I’m attending this year’s virtual Association Writing Programs conference and sat in on 4 discussions yesterday.
Here are some brief reflections on that experience.
It was a mixed bag kinda day
I attended the following:
Poetry and Science: Writing Our Way to Discovery
And Then They Clearly Flew Instead of Fell: Poets Writing Creative Nonfiction
Teaching Virtually During a Pandemic: Lessons Learned
Disabled & D/deaf Writers Caucus
Poetry and Science made my brain sing. This was a panel that shared writing with the purpose of philosophizing, teaching, and generating energy. I’m going to have to go back to this one and mine it again (thankfully, I have 30 days to replay what I read, saw or heard there). It was also distinctive in the fact that this discussion about science in poetry, led mostly by people who are practicing scientists, was paneled by WOMEN.
Poets Writing Creative Nonfiction didn’t do it for me. More old-school AWP: a glorified reading of the panelists’ works with very little discussion about the trappings of writing essays in a poetic style or writing poetry that takes on essay-like qualities. That was what I was there for.
HUGE EXCEPTION: You must-must-must get thee to LitHub for this mind-blowing, deeply dug work by Jennifer S. Cheng, “Hikikomori: Salt Constellations.” I have since had a brief side chat with her and I am now in awe of this celebrated writer. Thank you AGNI for publishing her work, my life truly is better for having experienced it. Her presentation is precisely what every presentation should be like. Human, generous, honest.
Also, to be fair, I’m a huge fan of Lia Purpura and it was a delight to see her and hear her work virtually.
Teaching Virtually ended up being focused on the interests of MFA program teachers. I am not one of the cool kids. I left after about a minute.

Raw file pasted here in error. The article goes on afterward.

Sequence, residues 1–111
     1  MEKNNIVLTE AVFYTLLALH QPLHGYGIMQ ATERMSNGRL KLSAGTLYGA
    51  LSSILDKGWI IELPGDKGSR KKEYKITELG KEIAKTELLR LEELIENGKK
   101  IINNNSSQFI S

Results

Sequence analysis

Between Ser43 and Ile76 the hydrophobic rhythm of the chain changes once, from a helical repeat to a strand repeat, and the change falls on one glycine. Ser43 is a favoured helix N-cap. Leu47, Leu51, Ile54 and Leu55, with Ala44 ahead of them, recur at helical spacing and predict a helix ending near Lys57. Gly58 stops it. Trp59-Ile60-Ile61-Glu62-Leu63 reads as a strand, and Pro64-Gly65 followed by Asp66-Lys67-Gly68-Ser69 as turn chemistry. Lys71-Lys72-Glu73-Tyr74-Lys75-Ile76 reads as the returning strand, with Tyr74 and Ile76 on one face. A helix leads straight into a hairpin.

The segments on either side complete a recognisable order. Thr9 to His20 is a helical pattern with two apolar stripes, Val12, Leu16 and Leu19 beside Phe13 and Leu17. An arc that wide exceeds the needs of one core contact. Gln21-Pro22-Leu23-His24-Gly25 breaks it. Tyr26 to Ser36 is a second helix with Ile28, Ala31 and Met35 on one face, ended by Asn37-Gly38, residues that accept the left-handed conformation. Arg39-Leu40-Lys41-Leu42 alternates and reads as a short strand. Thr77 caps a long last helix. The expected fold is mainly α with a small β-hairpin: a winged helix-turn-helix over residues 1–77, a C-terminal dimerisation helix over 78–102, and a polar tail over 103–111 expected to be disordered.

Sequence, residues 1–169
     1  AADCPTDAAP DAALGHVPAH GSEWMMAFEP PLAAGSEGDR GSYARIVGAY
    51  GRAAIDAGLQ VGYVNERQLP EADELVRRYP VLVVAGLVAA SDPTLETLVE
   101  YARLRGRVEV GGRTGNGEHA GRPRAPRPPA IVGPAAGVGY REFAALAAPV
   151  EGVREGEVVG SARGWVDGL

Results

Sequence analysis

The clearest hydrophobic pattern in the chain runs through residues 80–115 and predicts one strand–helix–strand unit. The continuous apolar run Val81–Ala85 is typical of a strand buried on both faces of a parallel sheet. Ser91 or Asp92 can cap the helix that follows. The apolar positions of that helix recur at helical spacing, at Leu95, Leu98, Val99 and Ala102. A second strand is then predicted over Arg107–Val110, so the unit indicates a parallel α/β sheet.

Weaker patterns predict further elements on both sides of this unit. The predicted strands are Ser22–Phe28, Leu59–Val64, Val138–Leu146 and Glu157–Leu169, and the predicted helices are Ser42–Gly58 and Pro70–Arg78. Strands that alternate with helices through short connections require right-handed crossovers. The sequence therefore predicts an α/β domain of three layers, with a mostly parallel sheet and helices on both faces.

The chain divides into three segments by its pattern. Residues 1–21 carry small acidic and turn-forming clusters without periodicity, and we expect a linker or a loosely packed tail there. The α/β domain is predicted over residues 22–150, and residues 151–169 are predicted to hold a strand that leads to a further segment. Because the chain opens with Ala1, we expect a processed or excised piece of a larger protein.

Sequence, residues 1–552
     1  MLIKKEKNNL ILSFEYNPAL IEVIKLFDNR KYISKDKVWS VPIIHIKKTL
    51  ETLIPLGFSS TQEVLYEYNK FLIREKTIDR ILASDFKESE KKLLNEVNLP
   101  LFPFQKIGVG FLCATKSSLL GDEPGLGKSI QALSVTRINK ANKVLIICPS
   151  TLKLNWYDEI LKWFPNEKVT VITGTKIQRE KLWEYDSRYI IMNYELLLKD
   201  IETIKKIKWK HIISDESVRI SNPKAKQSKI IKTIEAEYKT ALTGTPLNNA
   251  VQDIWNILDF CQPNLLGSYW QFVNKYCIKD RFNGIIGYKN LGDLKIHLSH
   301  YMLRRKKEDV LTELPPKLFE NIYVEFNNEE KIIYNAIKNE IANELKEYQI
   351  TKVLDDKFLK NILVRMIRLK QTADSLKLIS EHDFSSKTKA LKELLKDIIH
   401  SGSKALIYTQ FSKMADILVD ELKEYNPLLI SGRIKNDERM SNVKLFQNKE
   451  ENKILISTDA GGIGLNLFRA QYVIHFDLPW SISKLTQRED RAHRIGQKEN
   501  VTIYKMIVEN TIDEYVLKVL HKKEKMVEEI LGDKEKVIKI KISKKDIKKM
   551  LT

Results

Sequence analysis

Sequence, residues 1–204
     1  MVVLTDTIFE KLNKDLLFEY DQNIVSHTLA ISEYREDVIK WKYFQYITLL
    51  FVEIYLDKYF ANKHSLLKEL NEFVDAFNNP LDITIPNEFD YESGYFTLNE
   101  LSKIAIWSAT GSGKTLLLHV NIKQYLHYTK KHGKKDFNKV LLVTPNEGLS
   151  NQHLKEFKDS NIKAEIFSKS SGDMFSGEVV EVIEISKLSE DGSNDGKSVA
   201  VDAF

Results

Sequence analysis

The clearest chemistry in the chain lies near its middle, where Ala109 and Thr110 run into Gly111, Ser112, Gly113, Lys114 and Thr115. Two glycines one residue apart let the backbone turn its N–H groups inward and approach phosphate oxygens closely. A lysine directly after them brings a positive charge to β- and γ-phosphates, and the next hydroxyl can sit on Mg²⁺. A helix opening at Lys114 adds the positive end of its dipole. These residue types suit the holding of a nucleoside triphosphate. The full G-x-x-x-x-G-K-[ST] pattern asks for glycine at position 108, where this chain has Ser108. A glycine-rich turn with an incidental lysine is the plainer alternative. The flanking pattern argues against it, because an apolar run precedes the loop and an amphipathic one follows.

Oh, but the D&D Caucus!!!!!! I think that, after two recent AWPs under my belt, my true pathway for future attendance depends on the so-called “disability” track and the people who comprise the Disabled & D/deaf Writers Caucus.
Oh. My. Goodness. My people, all in one room.
It’s funny, as I don’t identify as “disabled” (but thank you for asking, Marlena Chertock, because it’s a great question!). I generally assign that identity to someone who actually receives legal disability. I have never filed for disability and would probably be turned down if I did. Not broken enough (by someone else’s standard).
I don’t want to hop onto that label when it seems to exist to support those who need it. Yes, I left a job because of my MS. Yes, I struggle with the symptoms of MS and they have changed my life in ways that I am still trying to properly articulate. But I still feel quite able to be mostly who I am, at least in this moment.
It was my first time attending the Caucus (I attended the DisLit Consortium reading in Portland in 2019, but not the Caucus) but it won’t be my last.
Hanging out in the Caucus linked me to my peers in a way that was pure delight and energy. People helping people, writers helping writers, and so much talent in that space. Some familiar faces (Hi, Jan!!!) and some new acquaintances and work to read.
This year, the virtual AWP approach has been a boon for us. None of the schlepping around a ginormous campus in pain and exhaustion, spending half our time in our hotel rooms sleeping off the fatigue hangover.
Will they continue a hybrid format with prerecorded options when the pandemic is past? Likely not. Not enough healthy people want to put in the time (that’s my opinion) and the organization claims it’s a budgetary thing. Yeah, what I hear is this: “We have technology to link people in ways like never before, and we’re not going to use it because of a few gimps.” Fight me.
But returning to the positive, I am definitely seeking out more networking with these fine folks in the off-AWP period.
The time to write about chronic illness, disability, trauma, invisible conditions, and life-changing injuries is now. We are in a watershed moment and the world needs these stories, even if the status quo may still wish to put us and our narratives into a special [ghetto] corner. That status quo will need our help when they hit the wall, whether due to age, accident, or surprise diagnosis. And we’ll be here for them, even when the status quo wasn’t there for us. Watch and wait, my friends.
Today I’m taking a day off, but have 3 or 4 events to attend tomorrow. Enjoy your Saturday!